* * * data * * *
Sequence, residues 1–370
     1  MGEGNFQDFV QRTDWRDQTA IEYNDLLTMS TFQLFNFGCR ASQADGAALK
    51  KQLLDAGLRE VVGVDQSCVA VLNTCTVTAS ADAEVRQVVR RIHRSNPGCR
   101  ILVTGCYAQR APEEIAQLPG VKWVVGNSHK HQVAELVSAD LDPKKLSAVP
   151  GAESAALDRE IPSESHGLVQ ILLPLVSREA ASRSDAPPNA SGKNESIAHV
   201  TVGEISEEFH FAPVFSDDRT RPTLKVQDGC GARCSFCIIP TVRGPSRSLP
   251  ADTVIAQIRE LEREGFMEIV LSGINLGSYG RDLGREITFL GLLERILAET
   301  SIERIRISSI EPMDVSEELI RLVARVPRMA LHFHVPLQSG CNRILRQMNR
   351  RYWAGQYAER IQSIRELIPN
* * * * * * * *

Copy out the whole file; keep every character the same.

Sequence, residues 1–370
     1  MGEGNFQDFV QRTDWRDQTA IEYNDLLTMS TFQLFNFGCR ASQADGAALK
    51  KQLLDAGLRE VVGVDQSCVA VLNTCTVTAS ADAEVRQVVR RIHRSNPGCR
   101  ILVTGCYAQR APEEIAQLPG VKWVVGNSHK HQVAELVSAD LDPKKLSAVP
   151  GAESAALDRE IPSESHGLVQ ILLPLVSREA ASRSDAPPNA SGKNESIAHV
   201  TVGEISEEFH FAPVFSDDRT RPTLKVQDGC GARCSFCIIP TVRGPSRSLP
   251  ADTVIAQIRE LEREGFMEIV LSGINLGSYG RDLGREITFL GLLERILAET
   301  SIERIRISSI EPMDVSEELI RLVARVPRMA LHFHVPLQSG CNRILRQMNR
   351  RYWAGQYAER IQSIRELIPN